A protest by representatives of farmworker unions at the Museo del Palacio de Bellas Artes in Mexico City escalated into a violent confrontation with LGBTQ+ activists on Tuesday, December 10, around noon. The protests were sparked by a painting of Mexican revolutionary leader Emiliano Zapata by artist Fabián Cháirez, on view in the exhibition Emiliano. Zapata Después de Zapata.
“La Revolución” (2014), which depicts a nude Zapata donning a pink hat and high heels suggestively straddling a horse, was condemned by members of the Unión Nacional de Trabajadores Agrícolas (UNTA) and other similar agricultural groups for its characterization of the revolutionary. The clashes around Cháirez’s painting come at a tumultuous time for the Instituto Nacional de Bellas Artes y Literatura (INBAL), the larger institution that oversees the museum, which was closed by unionized workers protesting alleged lack of payments on Wednesday morning. The museum remains closed to the public as of this afternoon.
According to El Universal, Álvaro López Ríos, a representative of UNTA, led a storming of the museum around noon on Tuesday to demand that the painting be removed from view and destroyed. Protesters blocked the entrance and chanted “Burn it, burn it!”; they later hurled homophobic insults and other slurs at members of LGBTQ+ communities who had approached the scene in counter-protest. One of them was journalist and activist Antonio Bertran, whom López Ríos hit with a water bottle. A harrowing video shows another young man being violently kicked and beaten by protesters outside the museum.
Hyperallergic spoke to Luis Vargas Santiago, curator of the exhibition Emiliano. Zapata Después de Zapata. Organized in commemoration of the 100th anniversary of Zapata’s death, the show includes 141 works that trace the life of images of the leader. “La Revolución” is included in a section titled “Contemporary Revolutions,” which focuses on representations of Zapata created in the last 50 years. Many of the works in that grouping, says Vargas, speak to cultural developments in the 1980s and ’90s in Mexico, when many artists began to create unconventional, and often deliberately feminine, representations of male historical figures. “Cháirez’s painting proposes that other representations of heroes are possible, ones that depart from virile, hegemonic masculinity. There can be revolution in other kinds of bodies,” says Vargas.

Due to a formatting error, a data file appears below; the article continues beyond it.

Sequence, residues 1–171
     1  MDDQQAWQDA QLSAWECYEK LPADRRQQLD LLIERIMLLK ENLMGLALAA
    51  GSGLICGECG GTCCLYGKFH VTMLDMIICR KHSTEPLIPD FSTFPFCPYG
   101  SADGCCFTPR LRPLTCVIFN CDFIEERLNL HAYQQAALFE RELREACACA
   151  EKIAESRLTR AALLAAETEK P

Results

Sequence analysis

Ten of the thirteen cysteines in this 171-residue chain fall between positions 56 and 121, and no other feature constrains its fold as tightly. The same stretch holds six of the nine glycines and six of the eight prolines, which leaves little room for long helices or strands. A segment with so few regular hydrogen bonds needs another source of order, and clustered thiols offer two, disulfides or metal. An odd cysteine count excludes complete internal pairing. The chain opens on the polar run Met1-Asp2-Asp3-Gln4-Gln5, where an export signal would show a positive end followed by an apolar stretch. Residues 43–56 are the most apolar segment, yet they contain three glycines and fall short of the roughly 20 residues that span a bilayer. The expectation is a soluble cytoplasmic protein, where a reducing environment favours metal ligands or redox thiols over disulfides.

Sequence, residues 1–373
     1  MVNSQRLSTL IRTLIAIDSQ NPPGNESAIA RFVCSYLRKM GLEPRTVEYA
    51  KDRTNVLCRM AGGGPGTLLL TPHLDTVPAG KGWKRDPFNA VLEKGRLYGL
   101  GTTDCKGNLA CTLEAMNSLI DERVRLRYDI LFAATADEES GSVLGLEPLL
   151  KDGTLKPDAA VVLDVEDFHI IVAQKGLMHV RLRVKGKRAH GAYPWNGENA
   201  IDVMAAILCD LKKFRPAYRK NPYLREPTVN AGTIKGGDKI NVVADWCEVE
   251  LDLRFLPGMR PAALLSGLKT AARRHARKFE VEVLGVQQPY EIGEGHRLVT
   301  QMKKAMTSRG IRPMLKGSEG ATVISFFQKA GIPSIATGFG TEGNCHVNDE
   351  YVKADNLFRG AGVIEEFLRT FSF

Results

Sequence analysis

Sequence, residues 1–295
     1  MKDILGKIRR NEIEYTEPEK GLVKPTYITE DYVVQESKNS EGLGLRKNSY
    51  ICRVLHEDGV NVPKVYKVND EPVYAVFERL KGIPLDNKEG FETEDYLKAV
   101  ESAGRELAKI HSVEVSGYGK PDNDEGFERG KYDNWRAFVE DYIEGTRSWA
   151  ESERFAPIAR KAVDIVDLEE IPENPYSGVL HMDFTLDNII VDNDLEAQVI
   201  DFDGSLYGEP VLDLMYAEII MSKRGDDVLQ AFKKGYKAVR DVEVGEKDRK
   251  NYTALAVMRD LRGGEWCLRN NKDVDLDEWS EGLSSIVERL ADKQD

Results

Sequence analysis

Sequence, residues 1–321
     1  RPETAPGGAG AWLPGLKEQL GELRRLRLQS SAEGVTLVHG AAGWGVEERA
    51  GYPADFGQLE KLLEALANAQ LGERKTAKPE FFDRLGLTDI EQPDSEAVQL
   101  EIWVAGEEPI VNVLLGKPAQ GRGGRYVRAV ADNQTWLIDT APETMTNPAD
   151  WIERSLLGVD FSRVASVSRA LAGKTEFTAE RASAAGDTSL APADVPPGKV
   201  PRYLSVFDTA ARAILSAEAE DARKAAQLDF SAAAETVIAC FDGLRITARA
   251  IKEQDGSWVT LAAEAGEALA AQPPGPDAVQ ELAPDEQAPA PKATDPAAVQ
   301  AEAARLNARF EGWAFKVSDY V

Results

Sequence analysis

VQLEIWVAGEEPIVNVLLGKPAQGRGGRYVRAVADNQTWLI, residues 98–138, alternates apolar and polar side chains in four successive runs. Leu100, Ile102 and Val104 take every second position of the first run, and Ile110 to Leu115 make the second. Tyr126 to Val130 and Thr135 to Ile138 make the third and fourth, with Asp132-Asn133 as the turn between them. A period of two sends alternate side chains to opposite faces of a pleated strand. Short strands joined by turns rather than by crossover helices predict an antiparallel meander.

Cháirez’s representation in particular has incensed those who prefer to remember only a conventionally masculine image of Zapata, widely known as a principal figure of the Mexican Revolution, an early and important advocate for peasant rights in Mexico, and the namesake of the Zapatista movement. To farmworkers and ordinary Mexicans alike, he remains a beloved symbol of empowerment for poor and historically marginalized communities. But Vargas points out the presence of many other portraits of Zapata in the exhibition that could have sparked controversy, including a work by artist Daniel Salazar depicting Zapata wearing an apron and holding a broom and laundry detergent, titled “El Mandilón” (a derogatory term that refers to a man who has been emasculated).